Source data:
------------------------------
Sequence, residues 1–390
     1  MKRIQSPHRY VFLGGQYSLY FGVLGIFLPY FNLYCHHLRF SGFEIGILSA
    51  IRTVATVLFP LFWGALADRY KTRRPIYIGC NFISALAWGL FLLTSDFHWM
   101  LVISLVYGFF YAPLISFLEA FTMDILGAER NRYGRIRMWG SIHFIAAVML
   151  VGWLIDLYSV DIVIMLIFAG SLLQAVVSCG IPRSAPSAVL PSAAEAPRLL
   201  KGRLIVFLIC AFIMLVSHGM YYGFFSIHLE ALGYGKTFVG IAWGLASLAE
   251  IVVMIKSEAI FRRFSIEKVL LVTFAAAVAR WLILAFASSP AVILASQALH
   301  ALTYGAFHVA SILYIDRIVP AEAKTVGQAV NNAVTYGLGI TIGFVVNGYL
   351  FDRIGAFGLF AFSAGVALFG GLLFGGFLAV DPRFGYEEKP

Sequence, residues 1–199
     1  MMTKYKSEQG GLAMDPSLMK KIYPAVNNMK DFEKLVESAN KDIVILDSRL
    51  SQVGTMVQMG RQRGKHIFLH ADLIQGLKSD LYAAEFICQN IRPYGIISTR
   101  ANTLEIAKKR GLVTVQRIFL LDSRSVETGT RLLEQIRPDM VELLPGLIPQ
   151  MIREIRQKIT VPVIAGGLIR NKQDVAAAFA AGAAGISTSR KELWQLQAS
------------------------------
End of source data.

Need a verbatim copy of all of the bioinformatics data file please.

Sequence, residues 1–390
     1  MKRIQSPHRY VFLGGQYSLY FGVLGIFLPY FNLYCHHLRF SGFEIGILSA
    51  IRTVATVLFP LFWGALADRY KTRRPIYIGC NFISALAWGL FLLTSDFHWM
   101  LVISLVYGFF YAPLISFLEA FTMDILGAER NRYGRIRMWG SIHFIAAVML
   151  VGWLIDLYSV DIVIMLIFAG SLLQAVVSCG IPRSAPSAVL PSAAEAPRLL
   201  KGRLIVFLIC AFIMLVSHGM YYGFFSIHLE ALGYGKTFVG IAWGLASLAE
   251  IVVMIKSEAI FRRFSIEKVL LVTFAAAVAR WLILAFASSP AVILASQALH
   301  ALTYGAFHVA SILYIDRIVP AEAKTVGQAV NNAVTYGLGI TIGFVVNGYL
   351  FDRIGAFGLF AFSAGVALFG GLLFGGFLAV DPRFGYEEKP

Sequence, residues 1–199
     1  MMTKYKSEQG GLAMDPSLMK KIYPAVNNMK DFEKLVESAN KDIVILDSRL
    51  SQVGTMVQMG RQRGKHIFLH ADLIQGLKSD LYAAEFICQN IRPYGIISTR
   101  ANTLEIAKKR GLVTVQRIFL LDSRSVETGT RLLEQIRPDM VELLPGLIPQ
   151  MIREIRQKIT VPVIAGGLIR NKQDVAAAFA AGAAGISTSR KELWQLQAS